The Trump administration plans to toss an Obama-era guideline that encourages colleges and universities to consider race as a way of promoting diversity.
The Department of Justice (DOJ) is reversing 2011 and 2016 legal guidelines set during the Obama administration to “avoid racial isolation” as administration officials contend the guidelines “mislead schools to believe that legal forms of affirmative action are simpler to achieve than the law allows,” according to The Wall Journal.
The new plan, according the New York Times, would remove the existing policies and encourage schools not to consider race in the admissions process.
“The executive branch cannot circumvent Congress or the courts by creating guidance that goes beyond the law and — in some instances — stays on the books for decades,” Justice Department spokesperson Devin O’Malley told CNN in a statement.
O’Malley said U.S. Attorney General Jefferson Beauregard Sessions III’s review of the guidance documents found that they “go beyond or are inconsistent with the Constitution and federal law.”
The decision to reverse the guidelines does not change the current U.S. law on affirmative action. It has been 40 years since the Supreme Court held in California v. Bakke that considering race in college admissions was constitutional if race was not the only deciding factor, but one of several factors in their decision.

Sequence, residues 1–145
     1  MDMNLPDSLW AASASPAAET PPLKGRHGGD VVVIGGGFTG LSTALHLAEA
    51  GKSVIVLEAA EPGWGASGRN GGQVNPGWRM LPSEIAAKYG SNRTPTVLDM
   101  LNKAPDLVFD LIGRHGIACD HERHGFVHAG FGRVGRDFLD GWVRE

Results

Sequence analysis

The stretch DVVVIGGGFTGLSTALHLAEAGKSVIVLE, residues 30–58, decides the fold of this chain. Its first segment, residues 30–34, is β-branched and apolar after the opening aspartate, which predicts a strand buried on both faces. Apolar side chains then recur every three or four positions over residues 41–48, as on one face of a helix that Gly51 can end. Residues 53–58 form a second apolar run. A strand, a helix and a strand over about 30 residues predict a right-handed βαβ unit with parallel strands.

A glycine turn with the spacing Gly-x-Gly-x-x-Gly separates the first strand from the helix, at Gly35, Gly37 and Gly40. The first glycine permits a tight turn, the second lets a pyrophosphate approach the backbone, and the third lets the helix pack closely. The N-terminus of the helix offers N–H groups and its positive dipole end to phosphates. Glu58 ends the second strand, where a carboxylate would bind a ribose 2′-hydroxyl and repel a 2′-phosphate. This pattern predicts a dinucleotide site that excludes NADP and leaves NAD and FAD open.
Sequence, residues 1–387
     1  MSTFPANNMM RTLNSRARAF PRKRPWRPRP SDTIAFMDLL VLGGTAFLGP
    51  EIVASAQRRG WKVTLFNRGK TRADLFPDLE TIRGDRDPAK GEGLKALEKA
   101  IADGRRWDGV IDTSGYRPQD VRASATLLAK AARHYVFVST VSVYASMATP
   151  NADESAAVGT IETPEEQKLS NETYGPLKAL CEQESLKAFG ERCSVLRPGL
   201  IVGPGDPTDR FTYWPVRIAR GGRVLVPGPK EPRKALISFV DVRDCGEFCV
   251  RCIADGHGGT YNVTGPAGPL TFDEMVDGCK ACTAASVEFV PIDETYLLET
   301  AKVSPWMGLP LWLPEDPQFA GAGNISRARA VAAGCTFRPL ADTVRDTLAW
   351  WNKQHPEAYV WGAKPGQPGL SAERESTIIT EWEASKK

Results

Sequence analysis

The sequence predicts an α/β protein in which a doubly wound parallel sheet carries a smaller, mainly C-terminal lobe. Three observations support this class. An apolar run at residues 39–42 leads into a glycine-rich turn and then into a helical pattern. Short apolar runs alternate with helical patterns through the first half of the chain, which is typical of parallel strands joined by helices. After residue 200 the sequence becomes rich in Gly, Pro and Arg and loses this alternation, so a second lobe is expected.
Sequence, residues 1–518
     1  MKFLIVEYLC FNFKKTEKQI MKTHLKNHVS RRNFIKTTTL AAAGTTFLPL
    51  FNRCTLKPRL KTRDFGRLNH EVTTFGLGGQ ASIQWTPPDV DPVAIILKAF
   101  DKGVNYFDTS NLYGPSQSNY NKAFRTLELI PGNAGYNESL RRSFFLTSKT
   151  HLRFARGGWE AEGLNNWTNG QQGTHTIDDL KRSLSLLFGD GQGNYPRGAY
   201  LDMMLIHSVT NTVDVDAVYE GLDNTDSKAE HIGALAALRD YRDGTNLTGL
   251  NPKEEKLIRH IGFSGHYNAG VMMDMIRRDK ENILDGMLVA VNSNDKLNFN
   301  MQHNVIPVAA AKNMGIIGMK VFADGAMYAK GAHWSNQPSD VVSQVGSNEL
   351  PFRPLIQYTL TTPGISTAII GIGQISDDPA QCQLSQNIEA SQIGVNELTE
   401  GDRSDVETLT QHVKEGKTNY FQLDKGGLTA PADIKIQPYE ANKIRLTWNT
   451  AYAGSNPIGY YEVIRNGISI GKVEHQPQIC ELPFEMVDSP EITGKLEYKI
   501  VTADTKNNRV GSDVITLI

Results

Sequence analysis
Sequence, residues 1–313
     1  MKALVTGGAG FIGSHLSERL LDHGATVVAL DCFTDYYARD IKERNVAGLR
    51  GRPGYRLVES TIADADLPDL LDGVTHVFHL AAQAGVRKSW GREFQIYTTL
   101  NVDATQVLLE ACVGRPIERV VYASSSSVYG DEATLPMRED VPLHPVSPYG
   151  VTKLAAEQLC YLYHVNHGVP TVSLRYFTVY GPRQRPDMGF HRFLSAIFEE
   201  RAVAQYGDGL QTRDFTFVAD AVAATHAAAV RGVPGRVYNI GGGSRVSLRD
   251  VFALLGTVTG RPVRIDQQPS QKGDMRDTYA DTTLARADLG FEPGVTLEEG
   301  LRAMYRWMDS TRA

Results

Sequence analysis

With reversing the Obama-era guidelines, the Trump administration is clearly showcasing its position on the subject, which comes less than a week after Justice Anthony Kennedy announced his retirement from the Supreme Court.
This also comes three months after the Department of Justice showed its support for Asian American students who filed a lawsuit against Harvard University for “racial balancing” in capping the number of Asian American students it admits each year. Evidence gathered by Students for Fair Admissions is said to show the unjust selection process that the Harvard Admissions office abides by.
The focus of the investigation is concentrated on how the admissions team evaluates applicants based on race, similar to students of Asian American being discriminated against by Harvard University.
The Trump administration is arguing that to hold a certain ethnic group to a higher standard violates the Supreme Court’s precedent on affirmative action.
This is not the only black mark on Harvard’s admissions policies. Last month a lawsuit was filed in federal court claiming that Harvard uses a system that ranks Asian American applicants’ personality traits lower than any other race.
One of the most recent cases on affirmative action regarding higher education was decided two years ago when the University of Texas at Austin was under fire for admissions discrimination.
The court held that using affirmative action in its admissions decisions was constitutional; however, Justice Kennedy noted in his opinion that the University must evaluate changing circumstances to make sure that “race plays no greater role than is necessary to meet its compelling interest.”
Trump’s efforts to rescind the Obama-era guidelines just add to the trend to erase landmark accomplishments of Obama’s legacy and change the landscape of higher education. Since he has taken office, the president has led the assault against Title IX, a gender discrimination statute. Weeks after taking office, Trump’s new DOJ reversed two policy documents related to the enforcement of Title IX.